Sunday, June 18, 2017

Menē Inc. weighed in the balance?

ARAMAIC WATCH: (Digital Journal).
TORONTO, ONTARIO--(Marketwired - June 15, 2017) - Goldmoney Inc. (TSX:XAU) ("Goldmoney"), a precious metal financial service and technology company, today announced its investment in Menē Inc. ("Menē"), a newly formed direct-to-consumer fine jewelry venture. Menē will manufacture and retail timeless 24 karat gold jewelry online through an innovative first-to-market user experience and transparent pricing model.

Naturally the Aramaic word caught my eye. The press release goes on to explain the name:
Menē - The Name

Menē ("meh-ney") is an ancient Aramaic word with a deep meaning that links jewelry, gold, money, and savings. A "Menē", reflecting 567 grams of pure gold, is the first written word for "money" as codified in the Code of Hammurabi approximately 4,000 years ago. For much of written history, humans exchanged value by pricing goods and services in units of "menē", which provided a predefined measurement of gold. Those units were often ultimately settled as pure 24 karat jewelry that could be readily exchanged. This ancient tradition, though often misunderstood by economists, is alive and well in the East where pure gold jewelry powers a savings economy in which jewelry is bought, sold, exchanged, and borrowed against as an asset that maintains its purchasing power.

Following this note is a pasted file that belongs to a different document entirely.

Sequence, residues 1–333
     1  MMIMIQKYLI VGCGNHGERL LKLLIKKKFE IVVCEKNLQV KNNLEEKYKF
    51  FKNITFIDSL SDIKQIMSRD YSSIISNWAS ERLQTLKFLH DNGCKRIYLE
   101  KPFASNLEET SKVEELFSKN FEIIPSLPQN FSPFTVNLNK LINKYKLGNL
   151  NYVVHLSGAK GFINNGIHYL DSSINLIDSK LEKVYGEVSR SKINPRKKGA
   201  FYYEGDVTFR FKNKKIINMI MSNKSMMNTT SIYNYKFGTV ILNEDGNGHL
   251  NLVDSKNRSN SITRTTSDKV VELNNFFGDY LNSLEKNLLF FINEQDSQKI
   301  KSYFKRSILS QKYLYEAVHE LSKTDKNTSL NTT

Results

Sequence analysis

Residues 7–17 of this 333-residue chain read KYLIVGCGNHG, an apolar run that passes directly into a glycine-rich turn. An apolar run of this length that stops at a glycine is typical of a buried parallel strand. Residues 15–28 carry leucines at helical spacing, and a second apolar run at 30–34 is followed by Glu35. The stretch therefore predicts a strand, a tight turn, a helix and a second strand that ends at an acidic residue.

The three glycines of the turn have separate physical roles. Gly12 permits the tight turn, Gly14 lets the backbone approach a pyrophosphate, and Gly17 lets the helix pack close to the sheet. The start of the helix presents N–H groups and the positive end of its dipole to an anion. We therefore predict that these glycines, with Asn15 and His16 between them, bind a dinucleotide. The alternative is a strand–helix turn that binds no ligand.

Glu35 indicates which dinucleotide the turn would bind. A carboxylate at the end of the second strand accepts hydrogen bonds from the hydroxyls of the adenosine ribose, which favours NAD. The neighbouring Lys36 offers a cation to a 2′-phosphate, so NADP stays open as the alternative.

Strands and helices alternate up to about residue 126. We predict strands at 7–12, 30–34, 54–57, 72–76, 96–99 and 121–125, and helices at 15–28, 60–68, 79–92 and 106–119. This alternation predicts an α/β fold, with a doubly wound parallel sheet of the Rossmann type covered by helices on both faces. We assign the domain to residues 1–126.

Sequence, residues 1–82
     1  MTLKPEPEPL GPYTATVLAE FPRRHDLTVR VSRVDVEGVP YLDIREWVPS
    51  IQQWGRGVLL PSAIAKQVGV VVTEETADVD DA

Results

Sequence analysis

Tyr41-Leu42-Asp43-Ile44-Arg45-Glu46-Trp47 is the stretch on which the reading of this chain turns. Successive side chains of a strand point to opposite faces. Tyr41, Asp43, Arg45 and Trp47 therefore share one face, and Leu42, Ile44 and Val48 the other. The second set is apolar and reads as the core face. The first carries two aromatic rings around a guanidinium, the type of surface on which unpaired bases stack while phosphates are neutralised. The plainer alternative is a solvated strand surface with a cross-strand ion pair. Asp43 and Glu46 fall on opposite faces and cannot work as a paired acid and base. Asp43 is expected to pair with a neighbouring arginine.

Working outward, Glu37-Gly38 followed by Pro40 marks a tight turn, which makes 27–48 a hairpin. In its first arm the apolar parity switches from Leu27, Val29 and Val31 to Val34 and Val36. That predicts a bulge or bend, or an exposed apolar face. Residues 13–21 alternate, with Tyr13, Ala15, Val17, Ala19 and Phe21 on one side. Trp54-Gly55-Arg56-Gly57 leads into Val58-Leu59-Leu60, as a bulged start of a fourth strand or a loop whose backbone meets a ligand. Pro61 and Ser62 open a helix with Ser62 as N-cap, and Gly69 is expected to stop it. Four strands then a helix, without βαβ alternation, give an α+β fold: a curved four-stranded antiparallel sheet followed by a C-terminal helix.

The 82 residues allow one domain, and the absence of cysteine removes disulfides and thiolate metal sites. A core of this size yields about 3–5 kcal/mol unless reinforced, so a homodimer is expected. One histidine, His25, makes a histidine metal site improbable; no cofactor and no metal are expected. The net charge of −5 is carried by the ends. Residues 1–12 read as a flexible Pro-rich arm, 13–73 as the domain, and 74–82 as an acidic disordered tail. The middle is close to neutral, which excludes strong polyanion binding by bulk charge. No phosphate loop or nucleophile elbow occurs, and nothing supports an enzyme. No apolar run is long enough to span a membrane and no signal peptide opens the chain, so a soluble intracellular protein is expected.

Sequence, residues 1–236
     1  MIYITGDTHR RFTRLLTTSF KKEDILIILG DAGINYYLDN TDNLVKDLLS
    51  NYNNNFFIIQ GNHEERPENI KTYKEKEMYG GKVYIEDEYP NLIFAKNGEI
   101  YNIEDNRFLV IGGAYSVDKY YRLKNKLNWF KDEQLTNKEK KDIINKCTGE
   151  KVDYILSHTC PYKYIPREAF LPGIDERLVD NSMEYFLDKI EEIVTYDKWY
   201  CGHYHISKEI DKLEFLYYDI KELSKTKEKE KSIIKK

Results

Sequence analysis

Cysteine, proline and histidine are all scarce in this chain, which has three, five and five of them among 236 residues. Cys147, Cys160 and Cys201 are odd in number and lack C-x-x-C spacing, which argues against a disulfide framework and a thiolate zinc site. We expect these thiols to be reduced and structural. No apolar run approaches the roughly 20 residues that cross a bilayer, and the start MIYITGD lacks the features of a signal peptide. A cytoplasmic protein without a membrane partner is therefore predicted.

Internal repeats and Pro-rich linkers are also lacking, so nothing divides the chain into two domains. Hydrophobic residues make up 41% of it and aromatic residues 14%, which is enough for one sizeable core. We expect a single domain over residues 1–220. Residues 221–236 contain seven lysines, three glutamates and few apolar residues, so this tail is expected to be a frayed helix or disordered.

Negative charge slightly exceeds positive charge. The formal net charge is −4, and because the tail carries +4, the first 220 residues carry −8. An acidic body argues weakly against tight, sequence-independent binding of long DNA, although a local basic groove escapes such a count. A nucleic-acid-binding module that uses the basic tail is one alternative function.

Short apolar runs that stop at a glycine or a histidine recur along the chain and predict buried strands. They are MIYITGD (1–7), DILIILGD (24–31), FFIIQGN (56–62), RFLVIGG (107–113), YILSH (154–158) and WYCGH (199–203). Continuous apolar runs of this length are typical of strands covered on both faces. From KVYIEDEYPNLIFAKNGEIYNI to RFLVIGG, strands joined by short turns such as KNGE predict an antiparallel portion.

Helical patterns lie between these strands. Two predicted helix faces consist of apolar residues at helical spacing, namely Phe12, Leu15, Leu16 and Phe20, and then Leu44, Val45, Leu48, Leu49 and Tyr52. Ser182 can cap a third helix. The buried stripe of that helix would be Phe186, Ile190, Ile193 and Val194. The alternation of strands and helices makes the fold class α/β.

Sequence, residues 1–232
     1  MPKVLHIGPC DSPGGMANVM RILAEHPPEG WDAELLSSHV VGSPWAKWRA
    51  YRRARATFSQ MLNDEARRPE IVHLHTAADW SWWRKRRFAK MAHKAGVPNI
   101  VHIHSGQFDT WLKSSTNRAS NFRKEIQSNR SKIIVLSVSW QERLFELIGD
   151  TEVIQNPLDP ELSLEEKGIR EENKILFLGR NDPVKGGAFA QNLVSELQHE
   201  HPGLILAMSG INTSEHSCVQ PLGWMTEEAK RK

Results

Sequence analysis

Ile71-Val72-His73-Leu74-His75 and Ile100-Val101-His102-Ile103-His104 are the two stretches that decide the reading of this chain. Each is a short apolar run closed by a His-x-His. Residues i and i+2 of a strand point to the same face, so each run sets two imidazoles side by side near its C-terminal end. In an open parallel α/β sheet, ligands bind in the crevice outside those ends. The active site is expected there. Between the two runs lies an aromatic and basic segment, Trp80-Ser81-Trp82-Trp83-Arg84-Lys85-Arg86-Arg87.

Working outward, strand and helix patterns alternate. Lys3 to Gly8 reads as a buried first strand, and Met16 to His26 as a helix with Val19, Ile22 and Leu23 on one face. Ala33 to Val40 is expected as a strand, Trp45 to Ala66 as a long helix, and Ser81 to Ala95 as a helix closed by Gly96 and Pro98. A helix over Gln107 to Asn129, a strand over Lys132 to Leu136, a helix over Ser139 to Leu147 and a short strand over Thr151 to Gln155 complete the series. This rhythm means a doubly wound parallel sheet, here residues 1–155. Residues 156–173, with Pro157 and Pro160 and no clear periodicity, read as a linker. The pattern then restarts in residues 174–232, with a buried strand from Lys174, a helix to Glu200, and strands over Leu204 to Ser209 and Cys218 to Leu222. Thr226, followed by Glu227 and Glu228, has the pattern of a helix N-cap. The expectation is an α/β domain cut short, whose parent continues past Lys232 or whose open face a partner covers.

Yes it is an old word for a unit of weight and the information about the Code of Hammurapi is interesting. But to modern people the word is best know from the biblical phrase "Mene Mene Tekel Upharsin" in the story of the writing on the wall in Daniel 5. It was the text of the writing and its (somewhat esoteric) interpretation was "You have been weighed in the balance and found wanting." The "you" was the kingdom of Babylon, which fell to the Persians that night. (See here especially, but also here and here.)

Now Menē Inc. sounds like a nice company and I wish them well. But I wonder if they fully thought through the implications of their name. Given what even minimally biblically literate people will hear in their heads when they encounter it, it is not what I would have chosen for my brand.

But that's just me. I hope I'm wrong and that Menē is successful.

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